“When I crash, as soon as I hit the deck there are already people hands on, ready to get me back running and back on my bike. They covered my whole process of recovery, I didn’t need to think about a single thing other than getting myself to where I needed to be. Which I think is incredible support. I never would have been able to do what I did this season without that. It’s put a lot of things in perspective for me, for sure, because they were there the whole way. They have surgeons, specialists for every bone, physios, people all over the world if you’re in a different country. They were my safety net for the entire year, and I’m forever grateful for what they’ve done to help me.”
How does the future look for Tahnee?
Has your recent injury had any influence on your plans for the future? Has it reset any goals?
“I think it’s just changed a lot in general. It was a very new experience for me, it was unknown territory so I had no idea what to expect. I’d never been injured in my race career and had to sit out a whole season so I just looked at things a lot differently I guess. It was just a weird experience, I live to race my bike and when that was taken from me I had a lot of thinking to do. It turns out racing bikes isn’t my whole life, that’s not why I’m here, but I do love it and that’s definitely something that it did show. So I guess I’d like to widen what I do, I don’t want to be fully focused on just racing World Cups. I’d like to be more accessible, and just be able to do more fun things around racing my bike because before I know it that’ll be over and I would have just raced my bike my whole life without actually taking a step back and enjoying it for what it is.”
Have you had any thought of what you might do outside of racing?
“Well, next year we’ve got a different schedule, we get two months off in the summer because of the Olympics so we have almost two seasons and a mini off season in between, so I really want to go an explore places that maybe I’ve been to for racing but I’ve never actually been able to enjoy the scenery, the other tracks or even the towns. So I’d love to have a normal mountain bike holiday! Go with a few friends and explore somewhere new. I’ve never really done that.”
(Tahnee took part in this year’s Red Bull Formation, the new freeride skills camp for women in Utah based on the old Rampage site, and the first opportunity for women to dig and ride the kind of lines we’ve seen for the past 18 years at Red Bull Rampage.)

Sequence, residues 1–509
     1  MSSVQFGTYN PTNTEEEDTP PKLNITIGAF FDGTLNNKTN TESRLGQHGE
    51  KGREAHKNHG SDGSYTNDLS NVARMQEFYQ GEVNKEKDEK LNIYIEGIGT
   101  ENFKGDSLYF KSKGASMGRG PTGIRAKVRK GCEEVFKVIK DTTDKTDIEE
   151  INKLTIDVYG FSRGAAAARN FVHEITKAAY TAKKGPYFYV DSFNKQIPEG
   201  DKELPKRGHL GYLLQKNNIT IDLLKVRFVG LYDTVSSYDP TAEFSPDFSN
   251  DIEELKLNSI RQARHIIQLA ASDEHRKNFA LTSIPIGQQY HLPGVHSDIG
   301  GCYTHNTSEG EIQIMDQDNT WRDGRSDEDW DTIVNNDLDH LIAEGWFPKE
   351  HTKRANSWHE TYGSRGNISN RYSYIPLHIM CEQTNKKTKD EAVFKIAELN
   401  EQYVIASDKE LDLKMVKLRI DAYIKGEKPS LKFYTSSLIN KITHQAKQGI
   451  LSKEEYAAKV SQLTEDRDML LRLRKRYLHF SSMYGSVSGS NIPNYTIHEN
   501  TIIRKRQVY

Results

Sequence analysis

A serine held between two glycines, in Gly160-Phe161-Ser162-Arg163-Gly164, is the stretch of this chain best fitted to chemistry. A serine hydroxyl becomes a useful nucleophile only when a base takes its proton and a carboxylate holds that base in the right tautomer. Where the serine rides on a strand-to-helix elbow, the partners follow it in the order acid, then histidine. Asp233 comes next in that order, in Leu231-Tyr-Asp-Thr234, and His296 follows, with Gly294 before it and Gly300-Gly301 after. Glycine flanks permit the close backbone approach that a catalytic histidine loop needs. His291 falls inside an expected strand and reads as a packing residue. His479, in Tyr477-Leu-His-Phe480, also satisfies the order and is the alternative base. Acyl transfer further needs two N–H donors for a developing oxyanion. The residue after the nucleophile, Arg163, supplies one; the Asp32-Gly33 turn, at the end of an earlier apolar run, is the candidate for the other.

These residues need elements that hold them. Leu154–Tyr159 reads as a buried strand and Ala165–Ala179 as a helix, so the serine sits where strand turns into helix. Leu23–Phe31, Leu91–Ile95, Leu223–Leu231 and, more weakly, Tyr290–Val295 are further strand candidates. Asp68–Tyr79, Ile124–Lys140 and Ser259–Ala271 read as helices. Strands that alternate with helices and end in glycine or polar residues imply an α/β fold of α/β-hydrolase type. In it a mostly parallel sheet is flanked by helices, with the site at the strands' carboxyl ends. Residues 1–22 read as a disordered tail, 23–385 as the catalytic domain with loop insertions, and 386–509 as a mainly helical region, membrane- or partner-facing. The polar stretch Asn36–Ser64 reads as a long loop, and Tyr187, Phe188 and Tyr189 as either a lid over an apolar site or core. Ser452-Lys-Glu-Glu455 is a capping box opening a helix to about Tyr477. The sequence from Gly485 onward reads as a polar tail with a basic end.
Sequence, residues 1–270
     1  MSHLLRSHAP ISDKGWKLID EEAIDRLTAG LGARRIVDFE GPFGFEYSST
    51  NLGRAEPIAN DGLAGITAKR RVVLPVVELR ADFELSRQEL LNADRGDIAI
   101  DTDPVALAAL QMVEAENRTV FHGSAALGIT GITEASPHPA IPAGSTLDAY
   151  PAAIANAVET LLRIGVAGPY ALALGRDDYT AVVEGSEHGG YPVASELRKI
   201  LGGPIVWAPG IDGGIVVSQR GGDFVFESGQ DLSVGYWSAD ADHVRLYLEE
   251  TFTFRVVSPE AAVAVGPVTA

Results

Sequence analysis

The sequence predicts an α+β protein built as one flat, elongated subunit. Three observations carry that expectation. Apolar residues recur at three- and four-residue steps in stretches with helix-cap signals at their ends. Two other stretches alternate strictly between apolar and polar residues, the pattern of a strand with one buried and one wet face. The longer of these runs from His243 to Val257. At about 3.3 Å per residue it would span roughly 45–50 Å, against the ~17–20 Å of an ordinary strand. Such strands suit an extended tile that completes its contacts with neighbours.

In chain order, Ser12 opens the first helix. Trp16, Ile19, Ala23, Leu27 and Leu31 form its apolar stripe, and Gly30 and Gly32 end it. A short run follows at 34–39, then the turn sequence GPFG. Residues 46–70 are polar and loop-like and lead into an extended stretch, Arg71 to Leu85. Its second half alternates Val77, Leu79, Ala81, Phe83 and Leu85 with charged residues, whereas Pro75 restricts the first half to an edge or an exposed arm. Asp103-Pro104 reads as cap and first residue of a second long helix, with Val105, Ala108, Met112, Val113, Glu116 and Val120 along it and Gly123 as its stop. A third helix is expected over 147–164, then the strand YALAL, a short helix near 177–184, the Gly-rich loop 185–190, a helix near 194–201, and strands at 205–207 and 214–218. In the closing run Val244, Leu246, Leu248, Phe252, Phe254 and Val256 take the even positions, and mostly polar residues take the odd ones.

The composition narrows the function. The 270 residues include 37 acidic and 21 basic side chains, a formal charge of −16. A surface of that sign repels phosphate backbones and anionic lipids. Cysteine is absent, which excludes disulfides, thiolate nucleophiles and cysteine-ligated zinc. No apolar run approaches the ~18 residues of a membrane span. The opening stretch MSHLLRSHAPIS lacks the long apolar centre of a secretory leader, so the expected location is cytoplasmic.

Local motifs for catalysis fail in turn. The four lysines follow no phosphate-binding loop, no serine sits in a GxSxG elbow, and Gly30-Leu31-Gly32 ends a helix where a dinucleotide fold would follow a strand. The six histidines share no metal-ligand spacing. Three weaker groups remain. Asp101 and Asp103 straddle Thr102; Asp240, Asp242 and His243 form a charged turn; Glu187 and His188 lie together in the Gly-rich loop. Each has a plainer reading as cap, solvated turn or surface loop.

How did you deal with the exposure?
“That was the scariest thing for sure, the exposure was something I’ve never quite witnessed before. It was terrifying. The way we dealt with it was… you just have to get used to it, you have to keep going on the ridges, keep walking around, keep making yourself do these things so your mind adapts and your body adapts, you don’t feel as stiff anymore. The more time spent there the less uneasy you were.”
What did you like about the format?
“I love the fact that obviously we were women and I was riding with other girls, but I also love the fact that our diggers were the boys that we trusted. That we had that safety net there with us, I think every girl had their diggers with them so as much as it was very female orientated we did have a background of guys which was nice. But they were so supportive of the whole thing, they were pushing us, they loved the Formation, they loved how it had been set up. I think that was the best thing, having those girls there with me when I was scared at the top and them understanding how I felt, rather than one of the boys being all ‘ahh it’s fine, just go for it’. That just doesn’t help! Whereas girls, they understand. It was nice to have someone there at the top, usually at the start of a race run you don’t know what the other girls are going through, and you don’t think about that, whereas here we supported each other, we talked to each other, and that was just something you don’t really get normally.”
Did you like the fact it’s not a competition, because that’s new for you?
“Yeah it was, really new! Well, competing takes up so much of my life that I just leave it for when I need it. I didn’t feel the need for it and it was so nice, we were just going top to bottom, everyone was spotting each other, everyone was telling each other how good they looked, you just don’t get that in racing. For me, that’s why this was such a good experience because eI haven’t actually been around that, at all.”
With Rampage being almost 20 years on, and it was such a smaller scale when it started, do you think there’s a pressure to go in and have something as close to that?
“I personally don’t think so. I think all great things take time, and like you just said Rampage started off real small, and it’s taken all those years to get to where it is today. I think just us going out there and having this Formation start, is the start of something that could potentially be one day something similar to Rampage. Whether it goes that way or not, I have no idea. I don’t think it’s a problem because I feel like it will eventually be something big, like I have no doubt that women will come out and slay it, and it will keep going in the direction that it’s going in.”
Unfortunately I ran out of time with Tahnee at this point. I had planned on fishing for information on who she’ll be riding for next year, having left Transition. (My money is on Trek, but I have no facts to back this up. What do you think?)
Singletrack Tahnee Seagrave FAQ
We’re not sure, but the most common rumour is Canyon…
Yes! She uses it to fuel her gym workouts, and for riding/racing. Read the article to find out how.
Great Escape & Fitness, Welshpool